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–by William diGiacomantonio

In the earliest days of Congress, before administrative mechanisms existed for dealing with veterans’ benefits, addressing the overwhelming number of private petitions seeking back pay, invalid pensions (for those permanently disabled by war injuries), and other compensation for military service in the Revolutionary War absorbed a significant portion of Congress’s day-to-day order of business. Early legislators knew to pay a due regard to petitions, because—after elections—they were the primary means of knowing what their constituents expected of them. Two hundred years later, the petitions relating to the Revolutionary War still merit our attention because, more than almost any other primary source, they attest to the personal, human costs paid by the nation’s first soldiers.

Gilbert Stuart’s c. 1805 portrait of Gen. & Sec. of War Henry Knox (Museum of Fine Arts, Boston)

There were more than 300 such petitions to the First Federal Congress alone (1789-1791). They include many that remind us the War for American Independence was not won exclusively by Anglo-Americans. There were petitions from Hessian mercenaries like Nicholas Westfall, who sought money for deserting; French Canadian volunteers like Prudent La Jeunesse, who sought compensation for abandoning their homeland; and Oneida Indians like Lt. Col. Louis Atayataronghta, who sought the same invalid pensions as their fellow (white) officers. The vast majority of petitions that escaped being tabled immediately were generally dismissed because of various “statutes of limitations” that cut off the eligibility of certain types of claims after a given date. Nowhere was this policy more rigidly adhered to than with the approximately 150 petitions submitted to the First Congress concerning invalid pensions—requests for new ones, or arrearages for old ones. (Disabled officers were entitled to half pay for life; non-commissioned officers and soldiers were entitled to no more than five dollars per month, with proportional allowances for partial disabilities.)

Even apart from the statutes of limitations, Secretary of War Henry Knox was inclined to reject new applicants if they had failed to persuade the state authorities, who were responsible for maintaining the pension rolls. Henry Carman’s case is a perfect example of the kind of fraud Knox was trying to guard against. Carman had petitioned the House, claiming a disability caused by a shoulder wound. In his report, Knox verified that Carman had served in the New York militia, but he was not convinced the wound dated from Carman’s time of service. An affidavit by five of Carman’s neighbors, later submitted to the War Department by the local examining board, testified that he had in fact “received his wound in his own house, by the accidental discharge of a pistol [while] said Carman had been in pursuit of a cat.”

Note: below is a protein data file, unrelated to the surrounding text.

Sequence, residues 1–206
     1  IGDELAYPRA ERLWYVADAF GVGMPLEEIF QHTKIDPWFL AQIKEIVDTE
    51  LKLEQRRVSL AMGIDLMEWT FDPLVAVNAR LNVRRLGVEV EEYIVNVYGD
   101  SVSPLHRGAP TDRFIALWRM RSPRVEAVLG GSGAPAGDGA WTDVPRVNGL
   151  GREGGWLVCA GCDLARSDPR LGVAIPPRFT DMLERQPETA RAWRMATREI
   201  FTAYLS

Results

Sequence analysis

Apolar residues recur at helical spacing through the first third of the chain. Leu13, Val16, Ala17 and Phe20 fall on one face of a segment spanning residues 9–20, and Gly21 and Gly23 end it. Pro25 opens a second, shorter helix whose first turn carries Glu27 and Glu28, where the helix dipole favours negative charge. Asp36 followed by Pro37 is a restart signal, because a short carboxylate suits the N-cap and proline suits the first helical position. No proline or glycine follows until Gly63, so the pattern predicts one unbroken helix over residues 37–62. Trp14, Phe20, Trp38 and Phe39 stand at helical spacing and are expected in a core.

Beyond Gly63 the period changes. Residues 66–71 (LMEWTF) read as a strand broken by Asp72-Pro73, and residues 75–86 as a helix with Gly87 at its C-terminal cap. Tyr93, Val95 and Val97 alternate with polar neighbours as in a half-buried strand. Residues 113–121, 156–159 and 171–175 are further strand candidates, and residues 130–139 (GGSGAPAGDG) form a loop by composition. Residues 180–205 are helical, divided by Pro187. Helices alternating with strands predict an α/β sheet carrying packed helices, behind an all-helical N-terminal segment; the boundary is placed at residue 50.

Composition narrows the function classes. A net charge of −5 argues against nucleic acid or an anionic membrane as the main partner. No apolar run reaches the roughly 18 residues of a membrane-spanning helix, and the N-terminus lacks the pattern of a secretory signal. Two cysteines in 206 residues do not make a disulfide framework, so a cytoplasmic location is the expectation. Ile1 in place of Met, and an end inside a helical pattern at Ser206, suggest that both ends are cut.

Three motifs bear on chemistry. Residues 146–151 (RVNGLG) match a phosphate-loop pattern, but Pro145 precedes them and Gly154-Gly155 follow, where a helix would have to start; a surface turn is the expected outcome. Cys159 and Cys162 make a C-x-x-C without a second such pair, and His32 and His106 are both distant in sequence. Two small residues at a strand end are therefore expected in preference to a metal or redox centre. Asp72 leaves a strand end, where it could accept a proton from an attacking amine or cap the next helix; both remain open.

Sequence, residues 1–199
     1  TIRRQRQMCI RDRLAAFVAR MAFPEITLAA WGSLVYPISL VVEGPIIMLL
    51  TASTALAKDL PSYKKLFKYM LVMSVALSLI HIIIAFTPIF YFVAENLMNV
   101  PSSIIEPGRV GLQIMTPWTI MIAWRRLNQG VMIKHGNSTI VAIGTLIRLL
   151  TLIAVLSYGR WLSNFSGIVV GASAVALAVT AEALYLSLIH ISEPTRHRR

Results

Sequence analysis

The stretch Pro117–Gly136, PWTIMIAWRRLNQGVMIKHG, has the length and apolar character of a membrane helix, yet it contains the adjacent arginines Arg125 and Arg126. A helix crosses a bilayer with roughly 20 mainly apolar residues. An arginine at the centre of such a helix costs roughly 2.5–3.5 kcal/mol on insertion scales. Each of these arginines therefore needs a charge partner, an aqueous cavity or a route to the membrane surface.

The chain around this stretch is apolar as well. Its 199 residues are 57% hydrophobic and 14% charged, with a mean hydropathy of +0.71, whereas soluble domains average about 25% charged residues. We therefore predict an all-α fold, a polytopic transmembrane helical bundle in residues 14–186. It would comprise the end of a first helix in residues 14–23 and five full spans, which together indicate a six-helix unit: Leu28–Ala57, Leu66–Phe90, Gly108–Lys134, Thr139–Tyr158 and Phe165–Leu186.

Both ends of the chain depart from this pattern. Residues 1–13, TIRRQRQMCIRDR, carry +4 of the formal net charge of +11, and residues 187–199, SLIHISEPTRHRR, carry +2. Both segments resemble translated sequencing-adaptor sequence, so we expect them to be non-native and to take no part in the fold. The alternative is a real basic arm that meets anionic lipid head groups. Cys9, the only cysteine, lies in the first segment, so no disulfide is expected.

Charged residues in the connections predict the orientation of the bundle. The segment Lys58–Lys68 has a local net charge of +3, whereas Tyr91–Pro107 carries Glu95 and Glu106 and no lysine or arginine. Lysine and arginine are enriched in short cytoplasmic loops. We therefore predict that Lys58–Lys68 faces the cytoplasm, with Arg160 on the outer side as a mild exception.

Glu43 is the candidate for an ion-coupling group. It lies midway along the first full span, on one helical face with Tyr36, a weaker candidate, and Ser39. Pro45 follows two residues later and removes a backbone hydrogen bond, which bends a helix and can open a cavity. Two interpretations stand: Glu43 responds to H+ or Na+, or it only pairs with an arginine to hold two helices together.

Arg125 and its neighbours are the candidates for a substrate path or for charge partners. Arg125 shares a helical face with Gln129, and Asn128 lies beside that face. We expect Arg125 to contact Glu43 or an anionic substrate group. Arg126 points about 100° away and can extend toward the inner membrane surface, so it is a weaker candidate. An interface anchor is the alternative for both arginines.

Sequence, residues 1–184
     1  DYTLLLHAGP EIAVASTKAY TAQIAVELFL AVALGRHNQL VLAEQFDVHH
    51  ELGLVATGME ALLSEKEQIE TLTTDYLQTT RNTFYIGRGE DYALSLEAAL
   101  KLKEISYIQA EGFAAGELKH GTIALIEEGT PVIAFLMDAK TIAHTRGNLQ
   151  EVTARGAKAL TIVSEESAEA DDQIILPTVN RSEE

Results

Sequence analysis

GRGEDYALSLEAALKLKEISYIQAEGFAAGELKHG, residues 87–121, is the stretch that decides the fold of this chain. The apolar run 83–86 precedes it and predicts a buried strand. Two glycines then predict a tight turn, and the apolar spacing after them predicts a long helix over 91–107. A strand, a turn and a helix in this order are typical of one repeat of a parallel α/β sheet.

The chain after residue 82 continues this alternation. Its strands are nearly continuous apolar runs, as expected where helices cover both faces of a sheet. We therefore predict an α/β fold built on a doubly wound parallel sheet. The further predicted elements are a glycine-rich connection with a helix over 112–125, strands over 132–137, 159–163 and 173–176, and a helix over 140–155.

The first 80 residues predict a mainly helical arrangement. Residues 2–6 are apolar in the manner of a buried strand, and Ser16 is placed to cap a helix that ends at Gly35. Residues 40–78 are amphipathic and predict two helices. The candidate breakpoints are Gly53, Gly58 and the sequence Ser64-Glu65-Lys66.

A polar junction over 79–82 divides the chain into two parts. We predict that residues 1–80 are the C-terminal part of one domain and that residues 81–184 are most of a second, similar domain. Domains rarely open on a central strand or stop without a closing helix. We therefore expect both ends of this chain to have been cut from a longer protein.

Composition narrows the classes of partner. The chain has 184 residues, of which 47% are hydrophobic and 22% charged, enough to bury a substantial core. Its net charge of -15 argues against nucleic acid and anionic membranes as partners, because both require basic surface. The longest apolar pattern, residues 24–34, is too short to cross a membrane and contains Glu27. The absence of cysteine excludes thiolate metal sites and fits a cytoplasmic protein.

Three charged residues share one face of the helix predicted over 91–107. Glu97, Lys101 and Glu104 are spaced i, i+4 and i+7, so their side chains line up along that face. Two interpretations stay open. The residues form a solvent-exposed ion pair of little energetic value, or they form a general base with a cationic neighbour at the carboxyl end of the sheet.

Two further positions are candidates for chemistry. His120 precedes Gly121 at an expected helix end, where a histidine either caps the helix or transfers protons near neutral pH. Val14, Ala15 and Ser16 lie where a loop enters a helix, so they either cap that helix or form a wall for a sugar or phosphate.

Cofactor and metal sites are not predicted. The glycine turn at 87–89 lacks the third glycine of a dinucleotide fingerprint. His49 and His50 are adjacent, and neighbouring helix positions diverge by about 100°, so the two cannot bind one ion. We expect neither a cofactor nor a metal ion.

With other invalid petitioners, it is harder to look the other way. Thomas Simpson rose from private to captain lieutenant in a New Hampshire unit between 1775 and 1779, when he saw action at Quebec, Saratoga, and Monmouth. During that period he lost his left eye to smallpox, had an inextractable musket ball lodge near one of his kidneys, and had his right leg crushed by the fall of a horse. Yet Knox still denied his request for an increase from a quarter pension to a half pension, on the grounds that it would set a “pernicious” precedent to deviate from the states’ pension boards.

In the absence of any new legislation, petitioners could only claim a change in their pension status if they were mentioned by name in a private act. Not until March 1792 did Congress enact legislation altering the manner of establishing or changing a claim. A comprehensive 1818 act offered pensions to all Revolutionary War veterans based on service and need rather than disability. In general, what one discovers—not surprisingly, perhaps—is that, as the pool of eligible claimants died off, those who were left acquired near-mythic status, and Congress became less stingy in relaxing its purse strings to support them. By the Jacksonian era, a pension was virtually guaranteed to any veteran who had done as much as beat a drum at Yorktown and was still around to brag about it. Although their impact in the form of legislative remedies was relatively minor, petitioners with war-related claims kept Congress mindful of the needs and attitudes left in the wake of the Revolutionary War—still the longest declared war in American history.

Source: Charlene Bickford et al., The Documentary History of the First Federal Congress, 1789-1791 (20 vols. to date; Baltimore, 1972-), volume 7.